Friday, May 27, 2011

Flowers of Spring: Last Chance to See

Memorial Day weekend will be your last chance to see the flowers of spring around the Visitor Center. Next week we begin the planting of the flowers of summer: those that thrive on our typical heat and humidity. We think of Memorial Day as the kickoff to summer, but in garden terms it is usually the last hurrah of springtime's flowers.

Garden Pansies (Viola x wittrockiana) have done phenomenal this year and have loved this most unsettled of springs I've experienced here. Our wonderful 80-something local volunteer Wilbur Kephart when asked about the predicted weather for each season always says "it'll be different" and he was right as usual. It was a mostly cloudy, showery and cool spring with blasts of 90F in between! By the way, pansies like these with a "face" are a favorite that remind me of my grandmother.

Snapdragon lived through the snowy insulated winter and have been unusually marvelous too. This is a variety of "snap-less" Snapdragon (Antirrhinum majus). Snapdragons are flowers for spring and fall and languish in our summer heat and humidity.

Colorful plant compositions shine around the Visitor Center like this river of Ruby Perfection Cabbage (Brassica oleracea) surrounded by frothy dwarf white Snapdragons in a sea of Stocks (Matthiola incana).

Is this a purple flower? Yes, the female flowers of the Indigo Eyes Bosnian Pine (Pinus leucodermis) start out a stunning indigo in spring and gradually mature into the brown cones that bear the seeds in autumn. Look for this plant in the conifer garden on the north end of the Visitor Center.

The Blue Spruces (Picea pungens glauca) with their new candles of needles are at their bluest! This is the dwarf cultivar 'St. Mary's Broom.'

This low shrub in the conifer garden is like a blanket of gold: it's the Bangle(TM) Dyers-Greenwood (Genista lydia 'Select'). This shrub has colorful green twigs in the winter and grows no taller than 24" and has profuse flowers now (like an encore of forsythia).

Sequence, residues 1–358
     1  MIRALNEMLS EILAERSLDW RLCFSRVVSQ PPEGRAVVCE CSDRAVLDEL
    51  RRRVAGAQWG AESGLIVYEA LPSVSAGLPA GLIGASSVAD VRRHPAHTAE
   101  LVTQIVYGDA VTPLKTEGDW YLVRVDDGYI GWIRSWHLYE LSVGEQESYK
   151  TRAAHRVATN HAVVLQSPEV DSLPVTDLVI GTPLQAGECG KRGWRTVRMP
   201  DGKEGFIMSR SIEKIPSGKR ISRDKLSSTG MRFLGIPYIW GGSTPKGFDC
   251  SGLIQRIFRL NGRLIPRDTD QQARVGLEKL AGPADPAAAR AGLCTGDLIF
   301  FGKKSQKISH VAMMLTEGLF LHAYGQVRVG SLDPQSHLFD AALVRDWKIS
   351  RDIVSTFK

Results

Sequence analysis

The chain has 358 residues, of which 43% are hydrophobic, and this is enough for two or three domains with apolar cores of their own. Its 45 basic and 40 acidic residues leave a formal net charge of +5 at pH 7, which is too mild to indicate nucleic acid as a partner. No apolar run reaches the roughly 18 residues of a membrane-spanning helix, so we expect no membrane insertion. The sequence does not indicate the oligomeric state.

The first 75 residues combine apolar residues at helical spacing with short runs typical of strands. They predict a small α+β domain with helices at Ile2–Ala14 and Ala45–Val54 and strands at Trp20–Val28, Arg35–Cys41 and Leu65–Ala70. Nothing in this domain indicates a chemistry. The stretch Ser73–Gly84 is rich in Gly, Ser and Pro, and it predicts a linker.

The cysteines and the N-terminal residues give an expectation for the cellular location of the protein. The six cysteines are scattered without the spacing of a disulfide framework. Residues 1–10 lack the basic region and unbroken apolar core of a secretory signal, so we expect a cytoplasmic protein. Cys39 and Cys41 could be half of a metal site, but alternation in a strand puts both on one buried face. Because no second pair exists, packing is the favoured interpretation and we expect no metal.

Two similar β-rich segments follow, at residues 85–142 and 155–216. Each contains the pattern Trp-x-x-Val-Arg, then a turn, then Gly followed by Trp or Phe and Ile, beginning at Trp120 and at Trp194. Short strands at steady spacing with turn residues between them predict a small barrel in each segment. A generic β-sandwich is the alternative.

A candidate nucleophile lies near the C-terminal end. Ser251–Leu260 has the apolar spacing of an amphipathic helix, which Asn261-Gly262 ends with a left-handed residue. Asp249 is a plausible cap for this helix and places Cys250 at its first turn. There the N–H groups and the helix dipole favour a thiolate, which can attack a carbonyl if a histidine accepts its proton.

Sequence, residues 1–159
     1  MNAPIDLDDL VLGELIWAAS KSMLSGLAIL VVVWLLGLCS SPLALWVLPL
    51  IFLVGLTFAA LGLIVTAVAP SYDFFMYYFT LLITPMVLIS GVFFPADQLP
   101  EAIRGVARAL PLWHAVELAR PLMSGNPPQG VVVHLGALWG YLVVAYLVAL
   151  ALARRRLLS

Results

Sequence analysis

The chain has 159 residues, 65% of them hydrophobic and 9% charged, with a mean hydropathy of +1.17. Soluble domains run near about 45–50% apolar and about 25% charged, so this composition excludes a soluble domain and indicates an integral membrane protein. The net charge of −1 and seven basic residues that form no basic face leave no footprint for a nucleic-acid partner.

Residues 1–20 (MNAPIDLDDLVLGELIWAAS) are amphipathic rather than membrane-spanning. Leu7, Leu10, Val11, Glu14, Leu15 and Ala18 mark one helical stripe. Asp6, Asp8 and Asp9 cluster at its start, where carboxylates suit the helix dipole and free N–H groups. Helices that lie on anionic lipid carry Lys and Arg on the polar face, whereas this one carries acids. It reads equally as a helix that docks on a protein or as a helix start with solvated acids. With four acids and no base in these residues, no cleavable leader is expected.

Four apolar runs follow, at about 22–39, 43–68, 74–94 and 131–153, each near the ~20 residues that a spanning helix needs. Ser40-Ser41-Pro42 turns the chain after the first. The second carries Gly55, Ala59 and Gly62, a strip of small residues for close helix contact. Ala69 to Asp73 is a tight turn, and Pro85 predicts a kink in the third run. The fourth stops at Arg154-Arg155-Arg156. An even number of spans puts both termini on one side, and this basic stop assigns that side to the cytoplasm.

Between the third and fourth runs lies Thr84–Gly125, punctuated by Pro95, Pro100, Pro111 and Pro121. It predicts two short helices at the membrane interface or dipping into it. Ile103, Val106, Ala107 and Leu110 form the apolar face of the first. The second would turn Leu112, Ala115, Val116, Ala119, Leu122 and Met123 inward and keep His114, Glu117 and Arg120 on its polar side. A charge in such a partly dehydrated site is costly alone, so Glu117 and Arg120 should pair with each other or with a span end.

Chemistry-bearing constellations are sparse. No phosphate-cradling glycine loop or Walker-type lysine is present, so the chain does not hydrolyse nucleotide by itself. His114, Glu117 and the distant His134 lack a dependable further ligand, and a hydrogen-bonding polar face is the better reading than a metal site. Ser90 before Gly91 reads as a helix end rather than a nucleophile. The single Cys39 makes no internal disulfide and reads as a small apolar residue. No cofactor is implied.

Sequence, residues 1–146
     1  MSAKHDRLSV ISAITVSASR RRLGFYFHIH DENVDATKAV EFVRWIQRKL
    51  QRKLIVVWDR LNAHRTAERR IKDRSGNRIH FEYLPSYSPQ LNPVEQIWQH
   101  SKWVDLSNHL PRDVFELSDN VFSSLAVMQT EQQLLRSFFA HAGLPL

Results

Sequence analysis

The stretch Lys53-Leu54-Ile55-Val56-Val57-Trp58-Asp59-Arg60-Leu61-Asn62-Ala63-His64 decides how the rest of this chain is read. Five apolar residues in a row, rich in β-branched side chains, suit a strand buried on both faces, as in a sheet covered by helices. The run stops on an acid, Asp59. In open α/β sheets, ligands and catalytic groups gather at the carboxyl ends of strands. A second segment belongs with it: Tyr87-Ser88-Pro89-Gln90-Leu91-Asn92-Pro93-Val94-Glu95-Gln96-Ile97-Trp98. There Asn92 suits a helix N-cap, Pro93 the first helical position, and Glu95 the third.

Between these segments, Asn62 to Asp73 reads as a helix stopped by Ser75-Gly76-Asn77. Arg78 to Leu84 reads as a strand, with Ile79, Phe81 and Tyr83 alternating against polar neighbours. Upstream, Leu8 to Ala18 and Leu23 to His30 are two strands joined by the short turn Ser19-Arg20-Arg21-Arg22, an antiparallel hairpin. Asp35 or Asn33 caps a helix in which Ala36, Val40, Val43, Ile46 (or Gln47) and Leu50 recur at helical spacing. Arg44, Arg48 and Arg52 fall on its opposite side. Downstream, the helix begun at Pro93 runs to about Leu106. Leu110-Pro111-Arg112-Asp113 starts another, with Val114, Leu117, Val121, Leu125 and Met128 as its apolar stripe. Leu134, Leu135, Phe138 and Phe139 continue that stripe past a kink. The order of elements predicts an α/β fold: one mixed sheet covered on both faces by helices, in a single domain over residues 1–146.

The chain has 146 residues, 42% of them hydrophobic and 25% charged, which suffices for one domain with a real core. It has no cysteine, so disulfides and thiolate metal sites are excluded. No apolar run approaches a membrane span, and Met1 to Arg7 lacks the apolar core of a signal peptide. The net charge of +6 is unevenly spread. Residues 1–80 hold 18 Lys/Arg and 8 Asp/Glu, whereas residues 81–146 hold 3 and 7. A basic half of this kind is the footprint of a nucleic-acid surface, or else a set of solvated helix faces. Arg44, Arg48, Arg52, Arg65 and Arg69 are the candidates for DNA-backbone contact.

The Weigelas (Weigela florida) are also in bloom around the gardens now. This is the cultivar 'Variegata' with cream edged leaves and soft pink, nectar-rich flowers.

The Asian Kousa Dogwoods (Cornus kousa) are in bloom now and this is the pink-flowering cultivar 'Satomi.' Pink cultivars are never as pink here as depicted in catalogs because our warm spells and bright sun here fade them to just blush pink (they are deeper pink in cooler climates like England, the Pacific Northwest, New England and their native mountainous haunts). Our Kousa Dogwoods suffered severely from the flooding rains of last year (50" in the growing season alone)and at least 4 of our largest trees have died outright from being too wet. Always plant these in well drained soil!

The purple-leaf heirloom 'Wilbur's' Indian Peach (Prunus persica) was given to us by the aforementioned Wilbur Kephart after being a pass along plant from many generations of his family but originating in Tennessee from the Cherokee Indians! Peaches are from China but were brought via the Silk Road westward to Europe, spread to the New World via the Spaniards and brought into North America by the Native Americans (already naturalized by the time Wilbur's ancestors settled Tennessee -- Wilbur's family brought this variety from there to here! If only plants could speak and tell us their journeys. This peach contrasts beautifully with blue-flowering Walker's Low Catmint beneath and the blue container with yellow-blooming Calendulas at the entrance of the Heartland Harvest Garden.

Artichokes (Cynara scolymus) are almost ready for harvest in the Heartland Harvest Garden. Yes, it's the flower buds that is the artichoke! These were planted in the garden last year; dug up and forced in the greenhouse for display in the Metropolitan Lawn & Garden show last February then planted back into the garden in March.

These white flowers are delicious! This is the bloom of Arugula (Eruca vesicaria var. sativa) used in salads since since Roman times. The flowers add a sweet nectar burst to the pungent taste typical of arugula. Arugula languishes in the heat of summer.

Cool weather-loving Calendulas (Calendula officinalis) are edible flowers sometimes called "Pot Marigolds" and add color with Kale in this container of edibles in the Peach Court.

Rose Attar is made from flowers of the Damask Roses (Rosa damascena) and this is the cultivar 'Kazanlik' blooming with two other sister cultivars opposite the entrance to the Vineyard. Be sure and give these and other nearby roses a good whiff to enjoy their entrancing fragrances.

This brilliant Calendula bloom leaning into a bed of Lavender (Lavandula angustifolia) demonstrates precise complimentary colors. This picture was taken in the Villandry Quilt Garden.

The Villandry Garden lies in front of our Missouri Barn and be sure and stop by Cafe Fresh there to purchase lunch and some special strawberry desserts made from fresh from the garden strawberries. Don't forget to go up in the silo for an overview of the quilt gardens and the landscapes beyond.

Make a trip to Powell Gardens this Memorial Day weekend and see the last hurrah of springtime flowers and foliage throughout the grounds' natural gardens. Visit the dinosaurs of Jurassic Garden and the Heartland Harvest Garden and the Marjory Powell Allen Chapel: a good place to reflect on the meaning of this holiday. May you all experience a beautiful holiday weekend.

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